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The NEOllusion comes with the fan clipped onto the front edge of the tower, and we see the black frame, black dual convex blades, and also an aluminum badge with the company name and logo present. Under the cooler, we see two leads, one of which powers the fan, while the second lead is used to power the RGB LED system.

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From the side, we see that the tower does not enclose the fins but is made with four aluminum fins, then a block of plastic, and it is repeated up the tower ending with a single fin to top off the stack. We also see the 3-pin connection for the RGB LEDS, but the 4-pin connection is twisted for the fan and is not easy to see.

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The trailing edge of the tower is identical to what is found on the face. We see the lighting stops as it rounds the edges of the fin stack, and the fins alternate in groups, giving the fins an unevenly layered design. We can also tell that this tower is small enough not to require an offset in the heat pipes for clearance.

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Since we covered the fin stack in the last image like this, we turn your attention to the bottom of the cooler. The four 6mm diameter heat pipes are evenly distributed through the base as well as the fins, and there is no angle to shift the cooler from the RAM either.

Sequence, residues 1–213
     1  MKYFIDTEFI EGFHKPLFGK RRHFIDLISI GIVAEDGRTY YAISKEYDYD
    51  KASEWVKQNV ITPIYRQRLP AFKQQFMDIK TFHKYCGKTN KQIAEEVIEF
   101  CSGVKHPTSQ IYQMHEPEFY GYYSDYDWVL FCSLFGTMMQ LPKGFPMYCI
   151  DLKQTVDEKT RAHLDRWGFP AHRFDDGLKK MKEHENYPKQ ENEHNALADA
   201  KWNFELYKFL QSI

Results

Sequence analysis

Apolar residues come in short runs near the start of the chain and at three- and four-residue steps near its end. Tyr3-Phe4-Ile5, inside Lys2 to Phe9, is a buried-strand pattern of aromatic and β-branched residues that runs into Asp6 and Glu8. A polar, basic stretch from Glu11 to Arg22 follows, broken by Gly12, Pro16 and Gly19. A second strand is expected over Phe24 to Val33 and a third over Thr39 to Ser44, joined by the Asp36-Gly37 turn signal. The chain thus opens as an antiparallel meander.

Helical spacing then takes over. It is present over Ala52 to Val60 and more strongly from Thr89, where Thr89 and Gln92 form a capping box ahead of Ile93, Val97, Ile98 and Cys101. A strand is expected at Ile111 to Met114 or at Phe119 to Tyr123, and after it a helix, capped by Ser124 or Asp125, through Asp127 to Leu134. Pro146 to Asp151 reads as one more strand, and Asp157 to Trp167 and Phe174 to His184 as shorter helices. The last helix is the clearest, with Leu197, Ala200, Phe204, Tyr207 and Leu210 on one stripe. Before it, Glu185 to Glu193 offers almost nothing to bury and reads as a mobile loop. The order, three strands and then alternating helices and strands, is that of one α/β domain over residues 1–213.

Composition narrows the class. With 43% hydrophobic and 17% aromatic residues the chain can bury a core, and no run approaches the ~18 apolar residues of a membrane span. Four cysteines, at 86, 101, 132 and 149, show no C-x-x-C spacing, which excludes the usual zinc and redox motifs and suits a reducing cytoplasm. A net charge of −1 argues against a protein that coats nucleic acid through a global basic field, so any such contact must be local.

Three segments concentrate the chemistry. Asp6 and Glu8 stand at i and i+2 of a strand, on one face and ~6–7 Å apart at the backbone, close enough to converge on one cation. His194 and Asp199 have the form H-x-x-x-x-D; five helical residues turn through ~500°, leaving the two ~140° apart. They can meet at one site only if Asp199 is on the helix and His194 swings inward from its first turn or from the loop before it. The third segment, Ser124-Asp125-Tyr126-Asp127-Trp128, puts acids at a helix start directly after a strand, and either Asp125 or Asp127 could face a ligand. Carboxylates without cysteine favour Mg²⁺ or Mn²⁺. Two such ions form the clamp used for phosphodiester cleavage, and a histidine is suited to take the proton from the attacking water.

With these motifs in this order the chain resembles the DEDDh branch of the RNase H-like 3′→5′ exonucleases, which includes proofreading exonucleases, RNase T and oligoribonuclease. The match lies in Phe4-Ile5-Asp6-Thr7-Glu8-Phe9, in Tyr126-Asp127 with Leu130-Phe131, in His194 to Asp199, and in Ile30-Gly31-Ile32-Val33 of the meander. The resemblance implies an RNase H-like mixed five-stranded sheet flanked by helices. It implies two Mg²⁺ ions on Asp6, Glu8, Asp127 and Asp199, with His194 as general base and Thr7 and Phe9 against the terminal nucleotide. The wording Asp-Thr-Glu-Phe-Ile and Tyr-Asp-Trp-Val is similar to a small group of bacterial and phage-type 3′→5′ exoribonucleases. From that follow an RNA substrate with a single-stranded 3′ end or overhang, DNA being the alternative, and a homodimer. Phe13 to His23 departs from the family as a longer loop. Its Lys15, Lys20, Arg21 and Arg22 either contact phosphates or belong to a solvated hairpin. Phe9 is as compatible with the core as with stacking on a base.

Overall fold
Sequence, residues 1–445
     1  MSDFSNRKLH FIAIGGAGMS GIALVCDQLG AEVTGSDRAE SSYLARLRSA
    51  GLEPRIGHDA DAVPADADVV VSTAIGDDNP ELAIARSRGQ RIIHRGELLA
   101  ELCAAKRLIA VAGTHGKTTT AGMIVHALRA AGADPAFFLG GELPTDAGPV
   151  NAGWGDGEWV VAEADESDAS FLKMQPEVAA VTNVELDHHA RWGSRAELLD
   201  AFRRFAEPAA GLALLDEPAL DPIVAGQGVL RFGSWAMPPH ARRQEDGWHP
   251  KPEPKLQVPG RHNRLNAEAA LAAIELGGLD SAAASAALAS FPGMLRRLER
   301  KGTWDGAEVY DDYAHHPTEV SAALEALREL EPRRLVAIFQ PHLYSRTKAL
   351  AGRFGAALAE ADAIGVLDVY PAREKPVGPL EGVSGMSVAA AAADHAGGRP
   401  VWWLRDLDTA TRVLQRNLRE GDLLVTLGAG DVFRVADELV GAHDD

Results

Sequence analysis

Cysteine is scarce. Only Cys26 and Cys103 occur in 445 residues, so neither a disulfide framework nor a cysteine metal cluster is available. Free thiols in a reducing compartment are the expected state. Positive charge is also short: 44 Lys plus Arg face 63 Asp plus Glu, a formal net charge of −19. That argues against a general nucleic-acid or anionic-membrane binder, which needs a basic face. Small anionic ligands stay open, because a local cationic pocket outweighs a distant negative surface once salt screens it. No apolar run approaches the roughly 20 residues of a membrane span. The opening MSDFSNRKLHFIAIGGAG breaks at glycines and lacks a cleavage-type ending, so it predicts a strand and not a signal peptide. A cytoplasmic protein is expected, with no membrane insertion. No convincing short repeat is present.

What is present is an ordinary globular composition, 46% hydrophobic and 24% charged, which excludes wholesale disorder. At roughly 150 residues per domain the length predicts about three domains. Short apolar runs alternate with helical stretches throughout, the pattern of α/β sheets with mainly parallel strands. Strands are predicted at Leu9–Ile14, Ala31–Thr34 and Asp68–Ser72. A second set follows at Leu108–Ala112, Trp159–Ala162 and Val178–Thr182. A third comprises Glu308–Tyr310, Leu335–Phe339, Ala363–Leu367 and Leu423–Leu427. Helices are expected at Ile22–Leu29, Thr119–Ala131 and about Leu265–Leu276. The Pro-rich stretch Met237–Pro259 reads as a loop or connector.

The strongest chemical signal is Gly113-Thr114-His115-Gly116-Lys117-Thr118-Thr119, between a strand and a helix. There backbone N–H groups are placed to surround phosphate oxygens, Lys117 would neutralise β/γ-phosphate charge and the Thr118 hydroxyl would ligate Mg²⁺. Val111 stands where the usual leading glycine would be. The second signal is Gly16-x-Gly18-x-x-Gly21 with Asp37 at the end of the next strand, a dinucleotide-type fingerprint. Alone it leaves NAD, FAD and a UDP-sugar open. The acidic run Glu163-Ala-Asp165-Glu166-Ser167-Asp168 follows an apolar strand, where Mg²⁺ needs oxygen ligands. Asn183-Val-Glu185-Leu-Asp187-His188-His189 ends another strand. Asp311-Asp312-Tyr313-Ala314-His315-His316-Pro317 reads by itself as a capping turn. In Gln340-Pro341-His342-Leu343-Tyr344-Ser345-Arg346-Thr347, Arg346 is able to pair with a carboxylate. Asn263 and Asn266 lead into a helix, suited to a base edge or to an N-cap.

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Not all of the fins in the stack are identical as this view portrays clearly. Little tabs are found behind the heat pipes to help redirect airflow, the LEPA name and logo is located dead center, and we also see bits of the screws holding the fan mounting tabs to the fan.

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After removing the fan, we see how the offset pattern works in this arrangement of fins. Wherever there are LED light strips on the sides, there is a pair of fins which extend further than the others. On the back of the stack, the pattern is the same, but it is reversed as to which side gets the sets of two odd shaped fins.

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There are two noteworthy things found in this image. First, if you look into the fins, you can see the LEDs which light the plastic found on the sides. The second is that all of the fins are pressed onto the heat pipes, and at the bottom, one pipe does not get the little tabs behind it.

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Where all of the pipes join, we find tabs on the top of the aluminum base plate. There is not a pre-cooler with this design, as it needs a crossbar to mount the cooler to the hardware.

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The base plate and the heat pipes are assembled and then machined all at one time. This leaves the base flat across the surface, but we also see defines gaps between the copper and aluminum in this base.

Accessories and Documentation

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Inside of the white box, we found the basics to getting the LEPA NEOllusion mounted. At the top is the crossbar which mounts the cooler to the hardware below. On the left side are the Intel top brackets, in the middle is the universal backplate and to the right is a set of AMD brackets which screw to the Intel brackets so that all four orientations of cooler installation are possible.